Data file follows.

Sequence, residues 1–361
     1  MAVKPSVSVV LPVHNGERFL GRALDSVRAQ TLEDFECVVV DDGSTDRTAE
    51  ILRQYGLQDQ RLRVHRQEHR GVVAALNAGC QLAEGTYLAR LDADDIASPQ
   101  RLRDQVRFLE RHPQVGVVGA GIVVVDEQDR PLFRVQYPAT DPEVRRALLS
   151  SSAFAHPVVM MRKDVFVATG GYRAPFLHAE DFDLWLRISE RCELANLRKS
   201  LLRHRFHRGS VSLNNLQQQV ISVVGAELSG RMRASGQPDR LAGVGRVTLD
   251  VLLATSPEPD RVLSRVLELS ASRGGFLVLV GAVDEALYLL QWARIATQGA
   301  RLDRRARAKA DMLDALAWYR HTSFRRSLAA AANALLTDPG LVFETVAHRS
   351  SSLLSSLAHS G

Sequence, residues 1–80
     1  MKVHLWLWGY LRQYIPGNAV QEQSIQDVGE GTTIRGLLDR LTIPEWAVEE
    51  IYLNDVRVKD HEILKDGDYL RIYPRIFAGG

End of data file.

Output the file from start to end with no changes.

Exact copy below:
Sequence, residues 1–361
     1  MAVKPSVSVV LPVHNGERFL GRALDSVRAQ TLEDFECVVV DDGSTDRTAE
    51  ILRQYGLQDQ RLRVHRQEHR GVVAALNAGC QLAEGTYLAR LDADDIASPQ
   101  RLRDQVRFLE RHPQVGVVGA GIVVVDEQDR PLFRVQYPAT DPEVRRALLS
   151  SSAFAHPVVM MRKDVFVATG GYRAPFLHAE DFDLWLRISE RCELANLRKS
   201  LLRHRFHRGS VSLNNLQQQV ISVVGAELSG RMRASGQPDR LAGVGRVTLD
   251  VLLATSPEPD RVLSRVLELS ASRGGFLVLV GAVDEALYLL QWARIATQGA
   301  RLDRRARAKA DMLDALAWYR HTSFRRSLAA AANALLTDPG LVFETVAHRS
   351  SSLLSSLAHS G

Sequence, residues 1–80
     1  MKVHLWLWGY LRQYIPGNAV QEQSIQDVGE GTTIRGLLDR LTIPEWAVEE
    51  IYLNDVRVKD HEILKDGDYL RIYPRIFAGG